Olive oil prices in Spain finally fell in line with expectations and rose last week, though there was not much oil being sold.
With the current harvest tipped to be world production leader Andalusia’s worst in 13 years, the dip in ex-mill prices a week ago was perplexing but they’ve since climbed nearly 8 percent, according to the POOLred price observatory, which shows the average price at December 21 is €2.56/kg, but sales volumes are very low.
Olive Oil Agency (AAO) figures now in for the first two months of this season, October and November, show production totaled 88,200 tons, which is half of that at the same time a year ago but similar to 2010/11.
About 588, 500 tons of olives have been processed, with a yield of 14.98 percent, down from 16.67 percent last season.
Provisional figures show imports so far total 13,500 tons, more than double that of the same time last year. Exports for October and November total 135,000 tons and domestic demand is down 5 percent on last year to 75,600 tons.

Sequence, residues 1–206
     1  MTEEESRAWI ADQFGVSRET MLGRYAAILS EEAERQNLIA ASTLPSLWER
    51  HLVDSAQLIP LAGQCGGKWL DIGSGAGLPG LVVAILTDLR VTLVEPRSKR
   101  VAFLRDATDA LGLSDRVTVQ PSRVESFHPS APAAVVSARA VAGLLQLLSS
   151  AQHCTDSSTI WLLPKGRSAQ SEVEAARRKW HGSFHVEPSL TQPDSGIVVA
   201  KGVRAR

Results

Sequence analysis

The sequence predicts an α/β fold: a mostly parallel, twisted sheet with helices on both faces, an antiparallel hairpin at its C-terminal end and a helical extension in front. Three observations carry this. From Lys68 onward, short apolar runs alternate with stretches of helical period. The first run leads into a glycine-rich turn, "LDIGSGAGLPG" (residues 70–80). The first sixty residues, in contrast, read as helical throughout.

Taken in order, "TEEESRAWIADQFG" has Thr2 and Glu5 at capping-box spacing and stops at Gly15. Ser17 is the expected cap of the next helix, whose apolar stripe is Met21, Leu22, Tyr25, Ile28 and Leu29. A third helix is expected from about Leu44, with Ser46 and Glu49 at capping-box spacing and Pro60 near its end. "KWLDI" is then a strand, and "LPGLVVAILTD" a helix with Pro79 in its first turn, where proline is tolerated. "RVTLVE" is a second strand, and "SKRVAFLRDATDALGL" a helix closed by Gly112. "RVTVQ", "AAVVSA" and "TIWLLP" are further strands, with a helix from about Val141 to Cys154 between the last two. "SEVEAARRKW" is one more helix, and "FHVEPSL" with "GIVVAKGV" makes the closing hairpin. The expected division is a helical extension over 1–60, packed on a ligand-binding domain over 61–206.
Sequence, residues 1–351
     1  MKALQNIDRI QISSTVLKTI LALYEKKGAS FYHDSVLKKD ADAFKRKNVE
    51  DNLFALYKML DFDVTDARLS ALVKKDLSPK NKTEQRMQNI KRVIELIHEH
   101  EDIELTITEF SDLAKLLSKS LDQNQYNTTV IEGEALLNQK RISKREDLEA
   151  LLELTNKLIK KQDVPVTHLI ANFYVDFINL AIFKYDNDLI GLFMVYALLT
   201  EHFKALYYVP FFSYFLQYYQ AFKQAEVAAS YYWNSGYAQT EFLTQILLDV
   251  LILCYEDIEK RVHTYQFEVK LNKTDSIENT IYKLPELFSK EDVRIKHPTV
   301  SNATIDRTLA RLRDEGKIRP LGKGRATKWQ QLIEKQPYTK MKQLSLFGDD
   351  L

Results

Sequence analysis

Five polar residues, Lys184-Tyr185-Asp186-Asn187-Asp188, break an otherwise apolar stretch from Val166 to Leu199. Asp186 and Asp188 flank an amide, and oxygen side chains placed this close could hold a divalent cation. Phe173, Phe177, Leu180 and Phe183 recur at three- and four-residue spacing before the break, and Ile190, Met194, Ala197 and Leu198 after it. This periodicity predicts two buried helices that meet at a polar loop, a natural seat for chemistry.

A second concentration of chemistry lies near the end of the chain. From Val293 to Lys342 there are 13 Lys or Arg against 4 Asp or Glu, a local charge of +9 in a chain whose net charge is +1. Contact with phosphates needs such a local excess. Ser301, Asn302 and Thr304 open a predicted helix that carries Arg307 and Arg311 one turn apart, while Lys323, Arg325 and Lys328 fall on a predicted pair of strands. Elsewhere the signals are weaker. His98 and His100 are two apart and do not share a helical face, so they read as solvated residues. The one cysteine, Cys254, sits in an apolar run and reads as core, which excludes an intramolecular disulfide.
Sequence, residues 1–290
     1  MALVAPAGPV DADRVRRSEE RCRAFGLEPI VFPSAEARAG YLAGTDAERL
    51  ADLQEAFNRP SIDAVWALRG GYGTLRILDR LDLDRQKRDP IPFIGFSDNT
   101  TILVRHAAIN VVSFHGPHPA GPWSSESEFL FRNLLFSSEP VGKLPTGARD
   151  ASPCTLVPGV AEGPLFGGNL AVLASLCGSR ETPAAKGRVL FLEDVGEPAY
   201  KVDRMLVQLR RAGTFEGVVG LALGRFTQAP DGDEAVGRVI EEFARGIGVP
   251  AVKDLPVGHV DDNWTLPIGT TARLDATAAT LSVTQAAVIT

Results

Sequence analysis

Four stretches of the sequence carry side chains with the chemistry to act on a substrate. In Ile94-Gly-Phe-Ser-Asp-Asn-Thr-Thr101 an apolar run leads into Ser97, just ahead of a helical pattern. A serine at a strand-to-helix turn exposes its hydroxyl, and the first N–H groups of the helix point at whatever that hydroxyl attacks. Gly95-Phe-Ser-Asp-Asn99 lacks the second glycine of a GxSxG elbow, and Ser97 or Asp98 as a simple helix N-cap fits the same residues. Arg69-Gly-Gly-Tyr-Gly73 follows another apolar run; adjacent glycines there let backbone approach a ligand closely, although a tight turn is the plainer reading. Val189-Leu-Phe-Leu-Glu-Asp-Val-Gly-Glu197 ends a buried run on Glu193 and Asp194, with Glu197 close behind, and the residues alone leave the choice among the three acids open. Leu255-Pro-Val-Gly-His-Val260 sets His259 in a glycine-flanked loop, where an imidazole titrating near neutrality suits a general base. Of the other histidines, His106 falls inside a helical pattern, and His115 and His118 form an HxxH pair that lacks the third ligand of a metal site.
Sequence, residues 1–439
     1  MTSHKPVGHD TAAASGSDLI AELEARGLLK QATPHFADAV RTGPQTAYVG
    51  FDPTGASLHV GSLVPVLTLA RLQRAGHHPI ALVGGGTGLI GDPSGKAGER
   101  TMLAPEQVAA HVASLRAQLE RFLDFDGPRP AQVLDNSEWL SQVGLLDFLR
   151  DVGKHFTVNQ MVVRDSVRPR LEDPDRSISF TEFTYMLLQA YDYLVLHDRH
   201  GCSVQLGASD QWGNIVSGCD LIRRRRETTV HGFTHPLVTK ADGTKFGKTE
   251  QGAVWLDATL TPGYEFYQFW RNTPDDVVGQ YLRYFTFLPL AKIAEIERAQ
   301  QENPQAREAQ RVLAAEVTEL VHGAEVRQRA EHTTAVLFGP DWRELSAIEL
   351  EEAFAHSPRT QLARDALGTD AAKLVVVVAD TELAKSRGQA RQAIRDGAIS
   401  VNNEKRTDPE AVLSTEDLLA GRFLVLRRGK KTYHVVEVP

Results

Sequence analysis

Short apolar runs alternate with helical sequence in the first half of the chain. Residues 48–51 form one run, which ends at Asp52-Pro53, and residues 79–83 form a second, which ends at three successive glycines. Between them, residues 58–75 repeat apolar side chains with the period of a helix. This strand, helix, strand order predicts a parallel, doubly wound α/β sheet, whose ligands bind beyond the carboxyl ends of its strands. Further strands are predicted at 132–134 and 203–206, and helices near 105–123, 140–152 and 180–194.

Spain’s olive oil stocks are up 77 percent on the average for the last four seasons, standing at 583,100 tons at the end of November. The vast majority is in mills in Andalusia but bottlers also hold stocks of 160,100 tons.
Andalusia: worst harvest in 13 years
Spanish agricultural union Asaja says it now expects Andalusia’s harvest this season to total just 560,000 tons, down nearly 60 percent on last year’s record of 1.36 million for the region and its worst since 1999.
Asaja Seville spokesman José Vázquez said earlier this week that prices had not yet risen as much as expected due to factors including lack of liquidity, and the financing needs of cooperatives and countries like Greece, “which are selling in haste”.